The power of good conversation over a great meal

As children growing up in the ’80s, my sister and I were allowed one glass of pop and our own bowl of chips every Friday night. Plunked down in front of the TV to watch Family Ties, Cheers, and Who’s the Boss?, I would inevitably shovel in all my chips and gulp down my pop before the end of the first show, while my sister mindfully ate chip by chip and drank sip by sip, ensuring hers would last the entire evening.

There was no negotiation or debate for refills. Talking was kept to a minimum, our eyes transfixed by the screen, ears perked for the next joke. Absolutely no monkey business was allowed during the commercials while Dad read the daily paper.

Some thirty-five years later, I recount that story to provide context to the importance of shared experiences and great conversation. When family members and friends “spend time together,” it can be devoid of conversation, connection, debate, and laughter. These learned behaviours can shape the ways in which we interact with one another later in life.

While opinions may vary on what constitutes a “good conversation” these days, I am struck by what is too often confused for conversation. Sending a long string of text messages, punctuated by emojis, with no body language or vocal inflection to convey emotion. Tapping out an email in the privacy of the washroom stall at work. Dictating a voice memo while driving. In today’s fast-paced world, Skype, Zoom, and FaceTime are convenient tools that we have all come to rely on for keeping in touch. Even so, there is not—and will never be—a substitute for face-to-face, in-person conversation.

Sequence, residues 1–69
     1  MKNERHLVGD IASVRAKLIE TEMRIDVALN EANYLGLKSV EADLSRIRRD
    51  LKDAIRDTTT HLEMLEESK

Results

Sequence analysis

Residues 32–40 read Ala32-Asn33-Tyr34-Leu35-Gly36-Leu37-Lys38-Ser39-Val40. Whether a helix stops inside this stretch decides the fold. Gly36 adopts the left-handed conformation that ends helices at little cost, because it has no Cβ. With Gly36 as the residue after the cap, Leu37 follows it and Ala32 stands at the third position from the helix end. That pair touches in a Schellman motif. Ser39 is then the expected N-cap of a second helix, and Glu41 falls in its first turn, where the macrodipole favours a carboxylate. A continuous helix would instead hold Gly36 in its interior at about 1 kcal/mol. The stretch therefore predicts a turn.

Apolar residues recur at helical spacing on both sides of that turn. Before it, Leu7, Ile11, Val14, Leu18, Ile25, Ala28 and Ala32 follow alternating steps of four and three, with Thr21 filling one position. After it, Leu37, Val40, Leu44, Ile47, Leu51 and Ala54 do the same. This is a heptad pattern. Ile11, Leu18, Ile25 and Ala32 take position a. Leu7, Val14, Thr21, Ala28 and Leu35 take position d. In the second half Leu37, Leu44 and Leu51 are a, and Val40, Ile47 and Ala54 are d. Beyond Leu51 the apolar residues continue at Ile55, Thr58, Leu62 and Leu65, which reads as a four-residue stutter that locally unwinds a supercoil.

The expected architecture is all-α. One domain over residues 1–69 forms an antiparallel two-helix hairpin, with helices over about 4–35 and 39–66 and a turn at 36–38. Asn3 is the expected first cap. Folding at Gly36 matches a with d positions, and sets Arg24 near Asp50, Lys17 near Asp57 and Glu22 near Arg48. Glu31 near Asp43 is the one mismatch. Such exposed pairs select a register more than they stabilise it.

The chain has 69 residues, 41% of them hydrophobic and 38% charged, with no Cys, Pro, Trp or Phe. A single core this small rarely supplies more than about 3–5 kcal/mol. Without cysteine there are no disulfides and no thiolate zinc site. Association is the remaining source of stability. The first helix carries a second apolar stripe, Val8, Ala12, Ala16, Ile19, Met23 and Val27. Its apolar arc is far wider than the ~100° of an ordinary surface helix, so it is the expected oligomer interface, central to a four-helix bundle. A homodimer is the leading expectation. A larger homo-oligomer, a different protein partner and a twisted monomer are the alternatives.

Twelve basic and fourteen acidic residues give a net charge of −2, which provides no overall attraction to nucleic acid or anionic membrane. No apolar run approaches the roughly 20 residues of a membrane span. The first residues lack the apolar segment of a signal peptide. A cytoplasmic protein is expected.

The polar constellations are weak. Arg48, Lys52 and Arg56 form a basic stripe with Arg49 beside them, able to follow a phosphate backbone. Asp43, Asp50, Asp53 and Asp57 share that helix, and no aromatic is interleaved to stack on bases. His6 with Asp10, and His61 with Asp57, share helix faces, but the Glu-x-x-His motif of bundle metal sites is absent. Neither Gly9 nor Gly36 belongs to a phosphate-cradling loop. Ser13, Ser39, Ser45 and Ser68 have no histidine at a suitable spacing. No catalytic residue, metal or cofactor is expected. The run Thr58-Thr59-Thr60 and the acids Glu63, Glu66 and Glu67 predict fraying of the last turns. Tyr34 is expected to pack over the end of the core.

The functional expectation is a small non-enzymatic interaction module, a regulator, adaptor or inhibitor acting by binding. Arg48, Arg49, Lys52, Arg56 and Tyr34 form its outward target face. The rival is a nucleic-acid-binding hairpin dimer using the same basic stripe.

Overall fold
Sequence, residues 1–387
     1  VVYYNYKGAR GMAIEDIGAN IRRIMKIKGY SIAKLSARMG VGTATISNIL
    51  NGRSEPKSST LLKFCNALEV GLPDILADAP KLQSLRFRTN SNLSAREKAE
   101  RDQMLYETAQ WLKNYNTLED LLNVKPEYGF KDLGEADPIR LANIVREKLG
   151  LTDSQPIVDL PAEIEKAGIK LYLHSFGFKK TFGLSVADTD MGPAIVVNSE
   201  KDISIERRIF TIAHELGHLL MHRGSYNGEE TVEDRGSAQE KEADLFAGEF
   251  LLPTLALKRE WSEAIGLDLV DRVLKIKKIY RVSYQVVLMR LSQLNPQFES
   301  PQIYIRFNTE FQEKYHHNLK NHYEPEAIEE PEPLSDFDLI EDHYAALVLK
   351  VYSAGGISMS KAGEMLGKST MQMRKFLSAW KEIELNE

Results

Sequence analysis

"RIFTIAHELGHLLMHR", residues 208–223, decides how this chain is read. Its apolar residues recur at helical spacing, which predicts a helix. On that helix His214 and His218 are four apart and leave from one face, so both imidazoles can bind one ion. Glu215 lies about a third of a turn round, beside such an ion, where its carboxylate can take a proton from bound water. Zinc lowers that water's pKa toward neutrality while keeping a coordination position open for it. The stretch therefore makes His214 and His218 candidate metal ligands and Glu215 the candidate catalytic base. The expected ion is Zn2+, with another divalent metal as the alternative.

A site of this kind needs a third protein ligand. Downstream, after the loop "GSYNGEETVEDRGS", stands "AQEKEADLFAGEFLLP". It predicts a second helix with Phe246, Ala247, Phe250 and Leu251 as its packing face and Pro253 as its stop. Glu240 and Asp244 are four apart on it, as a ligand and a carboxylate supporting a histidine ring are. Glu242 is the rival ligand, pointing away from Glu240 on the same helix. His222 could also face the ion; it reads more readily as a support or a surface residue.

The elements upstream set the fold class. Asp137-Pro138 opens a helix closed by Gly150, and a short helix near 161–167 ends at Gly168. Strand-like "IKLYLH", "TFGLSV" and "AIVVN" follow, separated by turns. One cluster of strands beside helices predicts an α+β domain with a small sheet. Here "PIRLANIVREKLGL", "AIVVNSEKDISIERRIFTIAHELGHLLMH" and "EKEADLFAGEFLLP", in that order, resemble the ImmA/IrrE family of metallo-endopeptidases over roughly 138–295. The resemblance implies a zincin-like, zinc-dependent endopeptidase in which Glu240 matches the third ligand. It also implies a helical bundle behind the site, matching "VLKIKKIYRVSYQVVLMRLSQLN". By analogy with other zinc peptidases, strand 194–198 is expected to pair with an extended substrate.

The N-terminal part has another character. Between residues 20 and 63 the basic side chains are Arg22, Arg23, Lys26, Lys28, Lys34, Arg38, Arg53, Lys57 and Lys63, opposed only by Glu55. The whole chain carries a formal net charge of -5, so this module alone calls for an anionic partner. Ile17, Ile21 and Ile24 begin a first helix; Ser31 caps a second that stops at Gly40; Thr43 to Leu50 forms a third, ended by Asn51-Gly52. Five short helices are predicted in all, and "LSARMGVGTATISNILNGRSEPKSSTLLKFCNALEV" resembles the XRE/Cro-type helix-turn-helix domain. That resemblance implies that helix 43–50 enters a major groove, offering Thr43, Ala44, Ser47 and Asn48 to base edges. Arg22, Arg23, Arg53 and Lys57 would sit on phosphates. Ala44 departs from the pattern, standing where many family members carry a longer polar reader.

When we meet someone face to face, good conversation requires us to be fully present—mentally, emotionally, and physically. The liberties we take in other contexts just don’t (and can’t) apply. Most of our in-person communication and conversation is actually nonverbal, brimming with subtle cues and nuances that can be neither conveyed nor received when we’re not physically close to one another.

Assessing social cues; interpreting reactions; conversing with several people at once; timing our jokes just right; expressing our opinions with sensitivity, clarity, humour, and passion—these elements of communication are learned throughout our lives as we build a bank of personal experiences from which to draw. As the world and our audience change, so in turn will our conversation, thus requiring ever more learning and practice.

In our home, guests are greeted by a small sign hanging in the vestibule. It reads:

This house Is a mobile phone–free environment.
Please silence your phone, leave in the bowl on the table behind you, and enjoy the company of the wonderful people here.
• Social media can wait.
• Your contacts can leave a message.
Thank you.

Consider trying this as an experiment when you finally get around to having that dinner party you’ve been anticipating for so long. I guarantee you’ll be surprised by the way your evening unfolds. It might well end up being even more fun than a barrel of monkeys.